I’m going to be honest. It kind of kills me to watch playoff basketball right now. It’s tough to see Houston in the Western Conference Finals when we beat them last season but they earned it! Every time I tweet something about the playoffs, I get the replies like “Have fun watching from the couch!”
It sucks, but I’m a student of the game. I feel like it’s my homework to watch these teams and see what they’re doing and how they execute in pressure situations. It’s like ordering vegetables when you really want French fries. Have to do what’s best for your mind and soul even when you don’t want to. So here’s how I see the Western Conference Finals breaking down.
Lace up your Nikes tight. This is going to be like an open gym game. Both of these teams like to play at a fast pace and shoot a lot of 3-pointers. Golden State and Houston were no. 1 and no. 2 respectively in possessions per game in the regular season — averaging about 100. That’s some uptempo basketball.
What to watch for:
The intriguing thing about this series is the chess match of defensive matchups. Who’s going to guard Steph Curry? Assuming Houston primarily uses Trevor Ariza, who is excellent, that still creates mismatches elsewhere on the floor. How long do you put James Harden on Klay Thompson? Because Klay’s always moving in transition. Defending him takes a lot out of you. Houston relies on Harden to initiate the offense and create shots for himself. Is he going to have enough in the tank to do that and run with Klay all over the floor? It’s one thing to simply guard a guy and it’s another thing to be an active defender — not falling asleep, not going under a screen at the wrong time. It’s mentally draining to be on 100% of the time on both ends of the floor, especially when you’re the team’s undisputed shot creator. That’s a tall task for James.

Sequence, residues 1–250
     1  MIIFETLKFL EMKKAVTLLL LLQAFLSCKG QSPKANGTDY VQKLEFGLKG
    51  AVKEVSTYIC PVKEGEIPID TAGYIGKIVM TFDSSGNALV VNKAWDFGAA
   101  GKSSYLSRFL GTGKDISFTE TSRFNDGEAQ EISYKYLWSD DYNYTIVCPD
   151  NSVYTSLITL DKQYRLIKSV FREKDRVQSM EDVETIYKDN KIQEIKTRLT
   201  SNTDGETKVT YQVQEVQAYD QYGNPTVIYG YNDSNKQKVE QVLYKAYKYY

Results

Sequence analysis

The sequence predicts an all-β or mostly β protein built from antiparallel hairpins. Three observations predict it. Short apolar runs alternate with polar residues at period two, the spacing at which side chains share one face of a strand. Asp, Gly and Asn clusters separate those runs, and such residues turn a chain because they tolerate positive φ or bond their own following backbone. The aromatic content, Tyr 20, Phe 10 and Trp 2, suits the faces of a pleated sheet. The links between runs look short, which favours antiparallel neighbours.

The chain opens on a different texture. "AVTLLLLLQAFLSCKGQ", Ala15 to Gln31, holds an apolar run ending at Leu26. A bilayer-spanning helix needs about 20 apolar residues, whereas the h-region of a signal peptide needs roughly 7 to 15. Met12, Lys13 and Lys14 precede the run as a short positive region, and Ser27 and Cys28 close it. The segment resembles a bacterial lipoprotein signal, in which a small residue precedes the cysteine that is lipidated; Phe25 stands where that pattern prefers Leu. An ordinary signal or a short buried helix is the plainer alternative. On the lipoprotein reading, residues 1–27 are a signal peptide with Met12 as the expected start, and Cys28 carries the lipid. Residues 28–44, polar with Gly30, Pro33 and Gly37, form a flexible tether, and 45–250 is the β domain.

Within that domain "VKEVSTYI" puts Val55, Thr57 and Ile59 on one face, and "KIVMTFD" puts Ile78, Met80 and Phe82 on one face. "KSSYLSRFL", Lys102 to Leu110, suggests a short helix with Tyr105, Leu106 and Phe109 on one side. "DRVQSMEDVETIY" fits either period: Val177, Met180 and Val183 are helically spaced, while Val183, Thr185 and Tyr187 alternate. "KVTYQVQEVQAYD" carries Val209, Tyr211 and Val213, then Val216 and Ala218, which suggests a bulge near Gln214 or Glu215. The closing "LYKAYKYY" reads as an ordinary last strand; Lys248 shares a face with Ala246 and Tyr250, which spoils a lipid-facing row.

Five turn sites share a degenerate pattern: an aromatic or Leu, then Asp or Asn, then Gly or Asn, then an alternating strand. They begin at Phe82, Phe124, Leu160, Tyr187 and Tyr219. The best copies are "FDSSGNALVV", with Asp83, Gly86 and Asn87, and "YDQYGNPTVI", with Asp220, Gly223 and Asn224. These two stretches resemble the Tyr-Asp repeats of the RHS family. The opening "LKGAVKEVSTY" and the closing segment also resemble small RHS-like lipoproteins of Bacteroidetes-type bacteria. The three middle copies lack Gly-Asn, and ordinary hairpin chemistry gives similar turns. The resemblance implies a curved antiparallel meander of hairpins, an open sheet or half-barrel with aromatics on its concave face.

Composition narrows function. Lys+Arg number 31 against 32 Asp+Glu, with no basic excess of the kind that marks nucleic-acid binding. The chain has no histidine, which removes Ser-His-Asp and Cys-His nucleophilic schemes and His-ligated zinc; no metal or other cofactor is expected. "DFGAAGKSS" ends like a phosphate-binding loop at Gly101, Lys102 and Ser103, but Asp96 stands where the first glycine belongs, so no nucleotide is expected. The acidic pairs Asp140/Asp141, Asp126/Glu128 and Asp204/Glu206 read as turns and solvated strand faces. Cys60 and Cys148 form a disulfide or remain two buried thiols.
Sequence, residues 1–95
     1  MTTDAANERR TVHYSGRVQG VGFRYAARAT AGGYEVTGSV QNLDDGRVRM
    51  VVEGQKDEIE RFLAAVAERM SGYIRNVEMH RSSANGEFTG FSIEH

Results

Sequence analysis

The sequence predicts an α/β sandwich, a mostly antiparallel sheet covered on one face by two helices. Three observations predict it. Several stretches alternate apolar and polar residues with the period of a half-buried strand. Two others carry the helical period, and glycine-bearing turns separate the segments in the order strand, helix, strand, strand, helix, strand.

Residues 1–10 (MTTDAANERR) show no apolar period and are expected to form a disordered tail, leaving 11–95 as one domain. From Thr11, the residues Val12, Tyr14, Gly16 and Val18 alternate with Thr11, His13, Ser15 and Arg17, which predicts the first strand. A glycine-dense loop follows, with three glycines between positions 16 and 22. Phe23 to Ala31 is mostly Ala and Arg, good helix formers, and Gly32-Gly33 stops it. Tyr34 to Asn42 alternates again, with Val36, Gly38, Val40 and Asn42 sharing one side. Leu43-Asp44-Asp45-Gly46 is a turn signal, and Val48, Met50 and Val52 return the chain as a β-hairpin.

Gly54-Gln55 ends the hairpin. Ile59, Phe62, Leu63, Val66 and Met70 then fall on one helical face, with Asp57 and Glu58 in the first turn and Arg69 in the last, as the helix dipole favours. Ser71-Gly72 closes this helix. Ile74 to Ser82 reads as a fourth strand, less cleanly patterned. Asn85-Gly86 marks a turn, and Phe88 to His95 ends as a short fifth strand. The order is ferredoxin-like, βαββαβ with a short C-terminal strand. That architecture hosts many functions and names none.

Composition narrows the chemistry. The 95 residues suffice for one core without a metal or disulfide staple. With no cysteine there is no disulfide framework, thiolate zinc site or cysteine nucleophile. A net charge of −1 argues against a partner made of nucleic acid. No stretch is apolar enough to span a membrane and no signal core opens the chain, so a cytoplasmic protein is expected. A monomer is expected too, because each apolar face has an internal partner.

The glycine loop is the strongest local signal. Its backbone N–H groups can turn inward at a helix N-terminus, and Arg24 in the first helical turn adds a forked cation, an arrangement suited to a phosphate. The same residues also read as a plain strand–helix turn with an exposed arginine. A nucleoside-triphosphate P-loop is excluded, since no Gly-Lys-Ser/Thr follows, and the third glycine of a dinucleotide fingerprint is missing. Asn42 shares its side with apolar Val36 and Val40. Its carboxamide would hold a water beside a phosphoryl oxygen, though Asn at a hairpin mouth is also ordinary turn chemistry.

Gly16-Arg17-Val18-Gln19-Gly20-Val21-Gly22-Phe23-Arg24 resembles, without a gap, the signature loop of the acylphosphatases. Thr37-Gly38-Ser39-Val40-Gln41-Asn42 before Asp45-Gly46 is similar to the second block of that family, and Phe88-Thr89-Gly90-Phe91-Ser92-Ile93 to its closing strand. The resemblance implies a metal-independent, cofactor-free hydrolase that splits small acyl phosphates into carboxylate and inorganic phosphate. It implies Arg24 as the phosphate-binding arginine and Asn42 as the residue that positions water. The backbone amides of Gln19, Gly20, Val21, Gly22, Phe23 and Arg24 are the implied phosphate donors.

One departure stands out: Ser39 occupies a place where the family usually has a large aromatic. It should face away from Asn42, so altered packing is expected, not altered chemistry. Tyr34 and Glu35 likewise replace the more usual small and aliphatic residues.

Unfortunately, I don’t see an alternative for Houston. Klay will be guarding Harden for sure (when they switched him onto Mike Conley in the Grizzlies series, it changed the whole game). So if the Rockets decide to “cross-match” and put Harden on someone else on the defensive end, that plays right into the Warriors’ strength in transition. They feed off of the slightest little confusion or hesitation. While you’re scrambling around the court trying to find your guy in transition, it’s already too late. Draymond Green is one of the best in the league at grabbing a defensive rebound and starting the break. Houston needs to stay committed to the “Three Back” rule on offense. Whenever they put up a jump shot, they need three guys to immediately hustle back to the defensive end at a very high clip. If you look at the TV and see Harden take a jumper and there’s only two Rockets backtracking, they’re going to be in trouble. The best teams in the NBA have “three back” 70% of the time or more.
What I’ve learned from playing these guys: